• Farmer’s Market (didn’t have funding in 2017)

Resident Support: Important Outcomes or Lessons

Outcomes:

Lots of people attend our trainings.

Lessons:

  • We need to do a better job of quantifying how we support our residents.
  • Resident support is good to do: it’s not that hard to do and it makes people feel good.

Community Planning and Advocacy: General Description

Community Planning:

  • We have a strategic plan for the neighborhood. This is a quality of life plan that was created through a community engagement process. We held meetings where people voted on priorities. This plan is at the tail end of its life and needs to be done over again. It was a five year plan that’s in year five. GDRC took the community plan and used it to guide our work.
  • The board develops an annual plan based on our mission and goals.

Community development is more than real estate development and so often the numbers that people care about are real estate outcomes. If GRDC went away, people might renovate a house or commercial building, but they wouldn’t do the other things that support residents.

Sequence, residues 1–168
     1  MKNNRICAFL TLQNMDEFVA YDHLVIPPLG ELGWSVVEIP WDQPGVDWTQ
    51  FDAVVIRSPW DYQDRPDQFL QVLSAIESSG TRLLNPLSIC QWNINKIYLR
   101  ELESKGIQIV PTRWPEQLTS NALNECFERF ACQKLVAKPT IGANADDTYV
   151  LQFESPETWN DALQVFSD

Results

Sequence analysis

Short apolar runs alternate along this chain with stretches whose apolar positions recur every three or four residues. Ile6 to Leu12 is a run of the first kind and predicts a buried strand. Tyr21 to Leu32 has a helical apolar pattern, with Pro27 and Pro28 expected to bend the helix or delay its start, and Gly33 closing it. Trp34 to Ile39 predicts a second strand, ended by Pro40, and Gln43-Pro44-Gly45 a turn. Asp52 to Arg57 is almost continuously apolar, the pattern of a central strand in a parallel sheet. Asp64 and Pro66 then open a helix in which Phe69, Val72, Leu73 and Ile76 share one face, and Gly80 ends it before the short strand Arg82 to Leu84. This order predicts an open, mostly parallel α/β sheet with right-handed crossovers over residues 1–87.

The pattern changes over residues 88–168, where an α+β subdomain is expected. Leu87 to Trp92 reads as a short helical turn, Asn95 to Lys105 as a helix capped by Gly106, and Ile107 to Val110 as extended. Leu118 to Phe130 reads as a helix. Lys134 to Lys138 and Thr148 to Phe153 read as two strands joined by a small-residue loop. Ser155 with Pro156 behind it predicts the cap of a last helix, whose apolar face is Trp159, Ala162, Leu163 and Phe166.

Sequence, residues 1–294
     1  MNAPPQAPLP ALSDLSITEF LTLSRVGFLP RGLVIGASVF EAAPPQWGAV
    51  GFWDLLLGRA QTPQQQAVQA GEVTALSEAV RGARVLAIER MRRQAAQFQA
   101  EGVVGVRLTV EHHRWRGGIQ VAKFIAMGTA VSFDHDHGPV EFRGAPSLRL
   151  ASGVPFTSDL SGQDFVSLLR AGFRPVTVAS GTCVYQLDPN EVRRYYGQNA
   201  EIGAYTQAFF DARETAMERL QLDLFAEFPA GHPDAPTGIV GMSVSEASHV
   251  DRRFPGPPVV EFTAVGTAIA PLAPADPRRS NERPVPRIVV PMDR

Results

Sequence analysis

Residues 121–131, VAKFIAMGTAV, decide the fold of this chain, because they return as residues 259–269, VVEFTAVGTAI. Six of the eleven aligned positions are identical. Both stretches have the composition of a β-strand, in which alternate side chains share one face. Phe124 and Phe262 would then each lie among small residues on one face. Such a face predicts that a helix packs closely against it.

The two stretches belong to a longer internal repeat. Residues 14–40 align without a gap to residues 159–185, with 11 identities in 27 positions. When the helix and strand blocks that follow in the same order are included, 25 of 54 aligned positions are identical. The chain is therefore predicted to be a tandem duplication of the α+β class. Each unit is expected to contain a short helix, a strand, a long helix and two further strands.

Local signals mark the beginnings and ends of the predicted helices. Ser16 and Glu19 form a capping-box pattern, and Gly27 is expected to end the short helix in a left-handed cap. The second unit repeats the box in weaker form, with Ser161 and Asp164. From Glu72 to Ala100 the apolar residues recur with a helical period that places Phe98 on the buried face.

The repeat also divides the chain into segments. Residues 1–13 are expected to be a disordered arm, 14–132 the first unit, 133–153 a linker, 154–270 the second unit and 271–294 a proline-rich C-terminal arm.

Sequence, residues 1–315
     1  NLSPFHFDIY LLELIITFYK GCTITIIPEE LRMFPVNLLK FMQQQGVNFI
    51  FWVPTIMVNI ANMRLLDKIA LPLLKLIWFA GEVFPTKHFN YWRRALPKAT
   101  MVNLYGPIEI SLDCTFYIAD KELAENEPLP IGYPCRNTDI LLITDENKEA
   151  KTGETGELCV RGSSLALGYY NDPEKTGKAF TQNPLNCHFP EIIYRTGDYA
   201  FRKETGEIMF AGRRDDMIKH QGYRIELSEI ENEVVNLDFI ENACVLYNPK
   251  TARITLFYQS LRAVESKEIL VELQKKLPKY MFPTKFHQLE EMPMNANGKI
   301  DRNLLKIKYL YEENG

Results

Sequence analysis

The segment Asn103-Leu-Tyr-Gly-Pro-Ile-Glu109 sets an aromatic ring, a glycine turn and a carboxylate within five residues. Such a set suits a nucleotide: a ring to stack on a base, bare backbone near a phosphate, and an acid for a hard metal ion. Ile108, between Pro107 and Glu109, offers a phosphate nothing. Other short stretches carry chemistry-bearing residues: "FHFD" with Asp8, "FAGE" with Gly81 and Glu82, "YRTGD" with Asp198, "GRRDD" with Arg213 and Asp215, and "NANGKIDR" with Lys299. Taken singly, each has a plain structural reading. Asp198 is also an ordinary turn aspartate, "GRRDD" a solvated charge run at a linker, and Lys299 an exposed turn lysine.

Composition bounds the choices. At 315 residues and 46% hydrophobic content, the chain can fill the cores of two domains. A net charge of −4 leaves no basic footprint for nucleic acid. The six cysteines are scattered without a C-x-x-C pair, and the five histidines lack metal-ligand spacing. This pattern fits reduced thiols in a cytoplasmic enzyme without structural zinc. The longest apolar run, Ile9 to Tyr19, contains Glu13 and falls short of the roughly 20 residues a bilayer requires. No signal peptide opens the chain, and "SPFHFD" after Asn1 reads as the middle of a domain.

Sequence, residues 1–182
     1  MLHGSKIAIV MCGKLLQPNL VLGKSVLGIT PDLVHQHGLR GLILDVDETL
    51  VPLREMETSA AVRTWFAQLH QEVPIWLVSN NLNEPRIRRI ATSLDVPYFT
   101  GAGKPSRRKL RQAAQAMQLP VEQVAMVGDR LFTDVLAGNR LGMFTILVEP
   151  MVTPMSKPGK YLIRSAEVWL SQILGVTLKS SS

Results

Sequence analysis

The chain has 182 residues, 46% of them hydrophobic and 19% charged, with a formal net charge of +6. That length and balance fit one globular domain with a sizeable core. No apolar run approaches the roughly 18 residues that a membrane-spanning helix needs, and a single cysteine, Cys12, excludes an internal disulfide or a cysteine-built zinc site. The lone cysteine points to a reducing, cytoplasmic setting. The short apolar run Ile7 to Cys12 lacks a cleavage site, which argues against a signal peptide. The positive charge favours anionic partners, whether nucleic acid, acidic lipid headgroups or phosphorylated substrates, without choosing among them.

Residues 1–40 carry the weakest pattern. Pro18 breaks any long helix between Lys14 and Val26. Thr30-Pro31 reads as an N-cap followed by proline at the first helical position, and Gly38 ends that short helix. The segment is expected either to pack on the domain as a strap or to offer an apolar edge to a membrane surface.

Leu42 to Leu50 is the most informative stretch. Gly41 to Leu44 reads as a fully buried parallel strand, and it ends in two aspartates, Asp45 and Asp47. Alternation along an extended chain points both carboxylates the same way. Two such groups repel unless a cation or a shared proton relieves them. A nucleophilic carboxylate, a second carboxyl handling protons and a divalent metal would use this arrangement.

• In 2016, we did a lot of planning around the commercial corridor, including planning for how to improve streetscape and traffic patterns and identifying opportunities for redevelopment. That has been overtaken by the city that is doing their own planning.
  • We’re planning for a larger area (Grand River Northwest). We’re currently organizing people to have input in that process.

Advocacy:

  • Our advocacy work takes place around vacant property: blight and nuisances and/or a building that needs to be torn down.
  • The land bank has a nuisance abatement program and we’ll advocate for a certain case to be taken up.